Henry Dimbleby, who is leading the inquiry into school food and is one of the founders of the Leon chain of restaurants, urged parents to complain to headteachers if they thought canteen dinners were not up to scratch.
“We would encourage parents who give their child a packed lunch to go to the school and try the food – it is likely that they will be surprised by the quality. If they don’t like what they see, they should talk to the headteacher about it: parental pressure has been one of the things that has helped turn around the service in recent years.
“The reality of what is served in schools is far, far better than the perception of many parents, who often remember what it was like in their day. Food served in schools has improved enormously over the last 10 years and a school dinner is significantly better for a child than almost all packed lunches.”
England’s schools have got better at serving healthy food since 2005, when celebrity chef Jamie Oliver drew attention to the abysmal state of canteen dinners. The proportion of teenagers having chips at lunchtime dropped from 43% to just 7% between 2004 and 2011, while the number of schools offering pizza every day fell from 66% to 50%.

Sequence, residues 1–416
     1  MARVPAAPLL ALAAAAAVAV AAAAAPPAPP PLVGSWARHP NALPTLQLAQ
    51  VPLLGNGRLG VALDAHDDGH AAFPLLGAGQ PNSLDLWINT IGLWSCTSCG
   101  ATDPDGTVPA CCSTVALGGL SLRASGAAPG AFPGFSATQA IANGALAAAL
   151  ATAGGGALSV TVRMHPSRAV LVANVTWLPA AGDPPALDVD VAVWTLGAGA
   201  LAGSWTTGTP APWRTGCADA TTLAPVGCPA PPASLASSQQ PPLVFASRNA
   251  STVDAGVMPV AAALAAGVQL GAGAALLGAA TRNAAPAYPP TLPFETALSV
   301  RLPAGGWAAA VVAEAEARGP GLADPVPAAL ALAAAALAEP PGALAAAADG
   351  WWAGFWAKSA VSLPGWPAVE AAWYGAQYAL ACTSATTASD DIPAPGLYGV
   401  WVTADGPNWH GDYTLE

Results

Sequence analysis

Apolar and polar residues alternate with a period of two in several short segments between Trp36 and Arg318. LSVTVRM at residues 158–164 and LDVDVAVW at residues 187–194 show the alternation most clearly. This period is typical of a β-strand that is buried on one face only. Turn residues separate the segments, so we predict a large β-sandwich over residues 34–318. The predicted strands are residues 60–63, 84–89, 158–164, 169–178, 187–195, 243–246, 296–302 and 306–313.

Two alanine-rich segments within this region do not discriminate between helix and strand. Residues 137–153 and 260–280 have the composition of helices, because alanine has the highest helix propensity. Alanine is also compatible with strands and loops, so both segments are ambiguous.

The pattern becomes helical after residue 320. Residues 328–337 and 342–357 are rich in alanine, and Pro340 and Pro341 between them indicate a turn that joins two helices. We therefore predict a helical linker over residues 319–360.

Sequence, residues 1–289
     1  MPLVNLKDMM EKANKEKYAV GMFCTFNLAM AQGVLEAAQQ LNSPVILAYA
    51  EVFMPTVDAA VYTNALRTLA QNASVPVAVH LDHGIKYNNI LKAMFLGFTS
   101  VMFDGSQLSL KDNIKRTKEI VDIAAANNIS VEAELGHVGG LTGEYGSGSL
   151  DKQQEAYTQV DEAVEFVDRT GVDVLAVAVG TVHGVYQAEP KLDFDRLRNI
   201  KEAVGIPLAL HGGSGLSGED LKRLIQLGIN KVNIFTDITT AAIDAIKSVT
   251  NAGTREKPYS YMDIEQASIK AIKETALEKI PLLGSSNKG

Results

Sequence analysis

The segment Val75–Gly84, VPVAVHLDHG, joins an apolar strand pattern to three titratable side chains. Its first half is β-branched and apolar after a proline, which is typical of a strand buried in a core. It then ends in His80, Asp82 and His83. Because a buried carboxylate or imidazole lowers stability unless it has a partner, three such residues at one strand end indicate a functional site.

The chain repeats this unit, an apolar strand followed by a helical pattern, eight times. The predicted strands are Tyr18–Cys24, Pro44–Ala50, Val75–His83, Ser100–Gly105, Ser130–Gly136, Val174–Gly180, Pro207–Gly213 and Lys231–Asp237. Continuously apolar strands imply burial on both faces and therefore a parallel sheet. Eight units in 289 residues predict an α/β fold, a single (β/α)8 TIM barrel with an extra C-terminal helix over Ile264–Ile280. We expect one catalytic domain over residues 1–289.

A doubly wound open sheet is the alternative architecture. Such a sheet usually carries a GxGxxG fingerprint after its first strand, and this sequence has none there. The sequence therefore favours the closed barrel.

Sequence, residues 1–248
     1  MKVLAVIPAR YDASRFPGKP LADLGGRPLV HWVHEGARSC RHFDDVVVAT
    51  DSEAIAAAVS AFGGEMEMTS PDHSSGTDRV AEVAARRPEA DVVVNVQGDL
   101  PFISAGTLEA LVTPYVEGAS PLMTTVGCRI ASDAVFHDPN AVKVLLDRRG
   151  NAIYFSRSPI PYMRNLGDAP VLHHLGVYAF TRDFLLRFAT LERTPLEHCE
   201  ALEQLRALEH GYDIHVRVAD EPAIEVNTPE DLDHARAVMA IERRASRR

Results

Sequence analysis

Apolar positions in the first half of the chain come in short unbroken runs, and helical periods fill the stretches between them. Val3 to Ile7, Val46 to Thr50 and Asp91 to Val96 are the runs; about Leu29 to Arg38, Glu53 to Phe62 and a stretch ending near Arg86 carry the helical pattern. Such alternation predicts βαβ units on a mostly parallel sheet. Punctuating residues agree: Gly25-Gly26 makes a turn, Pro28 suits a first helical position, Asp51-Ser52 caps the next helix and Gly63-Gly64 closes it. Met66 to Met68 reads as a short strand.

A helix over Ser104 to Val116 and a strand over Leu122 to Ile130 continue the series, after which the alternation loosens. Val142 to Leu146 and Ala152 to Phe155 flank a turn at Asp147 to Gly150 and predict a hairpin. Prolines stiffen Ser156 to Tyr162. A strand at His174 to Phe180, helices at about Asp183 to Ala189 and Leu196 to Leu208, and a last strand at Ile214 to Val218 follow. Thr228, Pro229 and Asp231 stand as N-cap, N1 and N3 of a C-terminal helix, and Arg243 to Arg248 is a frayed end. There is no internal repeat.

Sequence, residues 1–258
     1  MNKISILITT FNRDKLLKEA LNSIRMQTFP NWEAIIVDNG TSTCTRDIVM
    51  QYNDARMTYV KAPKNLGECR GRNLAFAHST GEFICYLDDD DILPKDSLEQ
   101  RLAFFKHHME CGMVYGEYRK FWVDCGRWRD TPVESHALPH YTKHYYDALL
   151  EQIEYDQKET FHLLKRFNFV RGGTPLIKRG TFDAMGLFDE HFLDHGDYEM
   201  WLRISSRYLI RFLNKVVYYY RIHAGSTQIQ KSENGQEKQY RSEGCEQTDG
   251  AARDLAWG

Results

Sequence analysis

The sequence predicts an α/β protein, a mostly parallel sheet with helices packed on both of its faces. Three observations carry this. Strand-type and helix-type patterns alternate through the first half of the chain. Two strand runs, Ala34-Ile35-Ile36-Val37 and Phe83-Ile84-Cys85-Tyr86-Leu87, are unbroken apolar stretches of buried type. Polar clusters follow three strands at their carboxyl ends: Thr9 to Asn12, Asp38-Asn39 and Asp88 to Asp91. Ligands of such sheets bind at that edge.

At some schools, such as Lauriston primary in Hackney, north-east London, fruit and vegetables are grown in the school’s garden.
Apart from horsemeat scares, most parents who reject a school dinner for their child do so because of a perception that a cooked lunch costs more than a packed one.
Evans says they cost roughly the same – about £2 for a one- or two-course meal. “It’s because we tend to pay for school meals each day, rather than as part of our weekly shop, that it seems more expensive,” she says.
She argues that the government should consider subsidising dinners, but admits that even when cooked dinners are made totally free, as was tried in some parts of Scotland, 15% still take packed lunches.
One option is to ban packed lunches and high-fat, sugary foods altogether. But teachers aren’t keen on this idea. “Coercion is the wrong approach,” says Rees, of King Edward VI school.
“Pupils are taught about healthy eating in lessons. We don’t need to pitch in like the food police. It will lead to disaffection.”
Under the Labour government, primary and secondary schools were made to adhere to food standards that some felt were excessive – oily fish had to be on the menu, for example.
The current government has gone the other way and relaxed the rules so much that Ofsted no longer inspects school dinners and academies do not have to obey the food standards at all.
The Children’s Food Trust says it is concerned that improvements to school dinners will slip back, but schools such as King Edward VI are adamant that they won’t let this happen.
“Although academic achievement is our number one core business,” Rees says, “we know that healthy food makes for an enhanced attitude to learning.”